Russia’s central bank expects the economy to return to meager growth of between 0.2 to 0.3% in the fourth quarter.
Russia’s central bank expects the economy to return to meager growth of between 0.2 to 0.3% in the fourth quarter.

Russia Recession Waning

Despite some optimism about an easing of sanctions, the central bank chief Elvira Nabiullina says she expects external conditions to remain difficult

Russia Recession Waning

Russia's economy contracted by 0.4% over the past year, authorities say, indicating that while it remained in recession it appears to be stabilizing.
The 0.4% decline in the economy registered in the third quarter followed bigger drops of 0.6% and 1.2% in the second and first quarters, respectively, Russian statistics agency Rosstat reported on November 14, news outlets reported.
The Russian central bank said on November 14 that it expected the economy to return to meager growth of between 0.2 to 0.3% in the fourth quarter. Other forecasters do not see growth returning until 2017.
Signs of a revival in growth are "still very patchy and unsteady," Russian central bank chief Elvira Nabiullina told parliament on November 14.
Russian leaders have expressed hope that US President-elect Donald Trump will consider easing economic sanctions that have crimped Russian growth since they were imposed in 2014 over Moscow's aggression in Ukraine.
The Kremlin said Trump backed a "normalization" of ties in a phone conversation with Russian President Vladimir Putin on November 14.
Despite some optimism about an easing of sanctions, however, Nabiullina said she expected "external conditions" to remain "difficult."
"The recovery may be stretched over time at present because (economic growth) factors should be different, unlike those before the oil price collapse. We understand this pretty well and speak about changing the behavior model of the economy and its development model. Economic recovery signs have surfaced by now and the Bank of Russia expects minor growth of GDP," Nabiullina said.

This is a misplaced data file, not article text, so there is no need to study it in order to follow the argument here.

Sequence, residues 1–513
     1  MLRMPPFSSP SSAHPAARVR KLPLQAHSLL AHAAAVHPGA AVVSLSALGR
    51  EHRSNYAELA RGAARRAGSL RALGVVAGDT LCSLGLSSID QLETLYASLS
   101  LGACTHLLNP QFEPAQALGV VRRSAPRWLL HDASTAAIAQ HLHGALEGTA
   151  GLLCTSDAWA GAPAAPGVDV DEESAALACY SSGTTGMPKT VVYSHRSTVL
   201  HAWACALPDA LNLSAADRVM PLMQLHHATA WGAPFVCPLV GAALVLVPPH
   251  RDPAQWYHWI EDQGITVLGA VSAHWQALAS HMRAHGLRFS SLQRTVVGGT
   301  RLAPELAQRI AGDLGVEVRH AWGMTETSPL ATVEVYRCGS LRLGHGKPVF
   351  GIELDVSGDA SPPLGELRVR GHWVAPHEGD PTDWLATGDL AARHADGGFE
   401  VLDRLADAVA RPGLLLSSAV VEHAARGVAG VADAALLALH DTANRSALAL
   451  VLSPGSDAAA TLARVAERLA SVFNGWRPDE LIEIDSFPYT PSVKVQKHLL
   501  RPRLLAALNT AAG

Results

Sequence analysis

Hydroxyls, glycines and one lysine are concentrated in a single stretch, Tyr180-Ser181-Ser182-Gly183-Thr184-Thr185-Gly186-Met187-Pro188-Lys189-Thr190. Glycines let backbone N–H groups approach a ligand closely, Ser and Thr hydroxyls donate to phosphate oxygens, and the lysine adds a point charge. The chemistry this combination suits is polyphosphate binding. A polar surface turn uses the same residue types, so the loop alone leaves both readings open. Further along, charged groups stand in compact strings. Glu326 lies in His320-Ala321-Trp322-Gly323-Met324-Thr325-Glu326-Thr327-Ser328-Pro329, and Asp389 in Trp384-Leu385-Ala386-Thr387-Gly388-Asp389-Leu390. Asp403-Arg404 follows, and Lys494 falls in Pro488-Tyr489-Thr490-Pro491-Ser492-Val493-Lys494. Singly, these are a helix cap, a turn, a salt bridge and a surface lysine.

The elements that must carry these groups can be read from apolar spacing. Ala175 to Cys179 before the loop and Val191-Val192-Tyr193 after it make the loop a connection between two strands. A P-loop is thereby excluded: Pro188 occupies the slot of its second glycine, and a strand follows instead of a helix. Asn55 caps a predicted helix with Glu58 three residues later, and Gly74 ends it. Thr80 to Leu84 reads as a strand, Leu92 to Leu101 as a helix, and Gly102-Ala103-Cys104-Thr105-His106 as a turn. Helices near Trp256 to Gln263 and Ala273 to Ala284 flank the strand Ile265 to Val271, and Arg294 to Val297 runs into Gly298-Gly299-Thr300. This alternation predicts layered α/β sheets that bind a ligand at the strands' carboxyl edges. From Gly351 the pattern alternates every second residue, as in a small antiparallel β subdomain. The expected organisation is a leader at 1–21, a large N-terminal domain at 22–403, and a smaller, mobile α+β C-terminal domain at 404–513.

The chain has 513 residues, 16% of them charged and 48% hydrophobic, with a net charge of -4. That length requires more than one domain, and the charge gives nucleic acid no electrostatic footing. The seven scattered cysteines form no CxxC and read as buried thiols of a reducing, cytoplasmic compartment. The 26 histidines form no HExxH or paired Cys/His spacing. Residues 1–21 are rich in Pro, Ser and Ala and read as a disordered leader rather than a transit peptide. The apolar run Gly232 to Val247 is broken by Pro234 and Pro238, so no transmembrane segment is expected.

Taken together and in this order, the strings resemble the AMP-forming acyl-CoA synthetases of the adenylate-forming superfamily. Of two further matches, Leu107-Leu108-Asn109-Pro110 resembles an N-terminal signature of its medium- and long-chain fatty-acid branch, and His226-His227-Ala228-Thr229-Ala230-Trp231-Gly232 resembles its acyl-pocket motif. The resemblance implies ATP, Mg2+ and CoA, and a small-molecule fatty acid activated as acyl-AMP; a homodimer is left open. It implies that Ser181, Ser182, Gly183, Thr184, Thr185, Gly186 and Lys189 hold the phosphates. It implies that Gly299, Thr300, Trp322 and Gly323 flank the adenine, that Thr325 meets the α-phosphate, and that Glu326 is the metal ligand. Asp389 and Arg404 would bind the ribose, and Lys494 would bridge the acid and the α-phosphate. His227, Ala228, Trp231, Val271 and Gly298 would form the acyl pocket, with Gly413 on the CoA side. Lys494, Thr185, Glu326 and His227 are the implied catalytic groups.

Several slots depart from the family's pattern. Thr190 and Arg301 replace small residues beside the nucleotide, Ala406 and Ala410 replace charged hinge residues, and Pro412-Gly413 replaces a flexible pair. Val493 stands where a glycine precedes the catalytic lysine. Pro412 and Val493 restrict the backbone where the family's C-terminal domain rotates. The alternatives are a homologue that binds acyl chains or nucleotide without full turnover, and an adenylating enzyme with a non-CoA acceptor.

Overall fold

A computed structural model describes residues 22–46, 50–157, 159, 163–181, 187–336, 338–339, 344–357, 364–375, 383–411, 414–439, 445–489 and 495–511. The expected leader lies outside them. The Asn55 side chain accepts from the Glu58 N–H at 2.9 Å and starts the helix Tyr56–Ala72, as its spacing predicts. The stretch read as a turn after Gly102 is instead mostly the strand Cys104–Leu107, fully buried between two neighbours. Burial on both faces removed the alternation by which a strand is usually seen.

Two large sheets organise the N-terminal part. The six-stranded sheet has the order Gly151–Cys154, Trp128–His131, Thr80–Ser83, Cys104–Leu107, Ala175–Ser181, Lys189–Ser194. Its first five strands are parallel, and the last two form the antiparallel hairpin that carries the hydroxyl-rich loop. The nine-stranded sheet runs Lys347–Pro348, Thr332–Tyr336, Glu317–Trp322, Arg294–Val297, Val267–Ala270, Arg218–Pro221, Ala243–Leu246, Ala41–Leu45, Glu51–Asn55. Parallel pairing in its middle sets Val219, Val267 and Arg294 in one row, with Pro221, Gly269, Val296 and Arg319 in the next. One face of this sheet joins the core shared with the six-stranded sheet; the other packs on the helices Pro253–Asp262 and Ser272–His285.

Potential Growth Rates
External and domestic environment for the Russian economy will be challenging in three coming years, she noted.
"We expect external environment will regrettably remain challenging for our economy and internal conditions will be tough. We do not expect any significant transformational change of the economy and buildup of its potential so far," Nabiullina said, adding that the bank may continue lowering key rate next year if base case scenario is implemented.
According to Nabiullina, potential economic growth rates are estimated below 2% unless structural changes are implemented.
"We estimate potential growth rates are below 2% if no structural changes are implemented. Therefore the most important outcome of economic adaptation to new conditions is that the economy starts testing the new development model. The task of the central bank here is to support this process and provide stable financial environment for buildup of internal sources of investments," Nabiullina said.
Export growth rates will remain low, she added.
"Export growth rates will remain low, particularly because we project conservative oil prices. The economic structure will still remain with a huge share of oil and gas export by inertia and import will recover slightly along with reviving demand," Nabiullina said.
Oil Price
The Russian Central Bank expects oil price at $40 per barrel for the next 3 years, Nabiullina said.
"We are considering several scenarios of economic development, our base scenario includes $40 per barrel in the next three years," the bank's chief explained.
The price of futures contract for Brent crude oil with January delivery fell by 1.8% to $44.96 per barrel on London’s ICE. The last time price of oil of this class was below the level of $45 per barrel was on November 9.
Capital Outflow
Net capital outflow from Russia in the period of January-October 2016 declined to only $10.4 billion, the central bank report said.
The bank’s statement read: "It is estimated that net private capital outflow has decreased fivefold to $10.4 billion. Unlike last year, when the main purpose of the net outflow was for the banks to pay off their external debts, in the January-October 2016 period the main factor was the growth of foreign financial assets in various sectors.”
Net capital outflow in the 2018-2019 period is expected to be about $25 billion.

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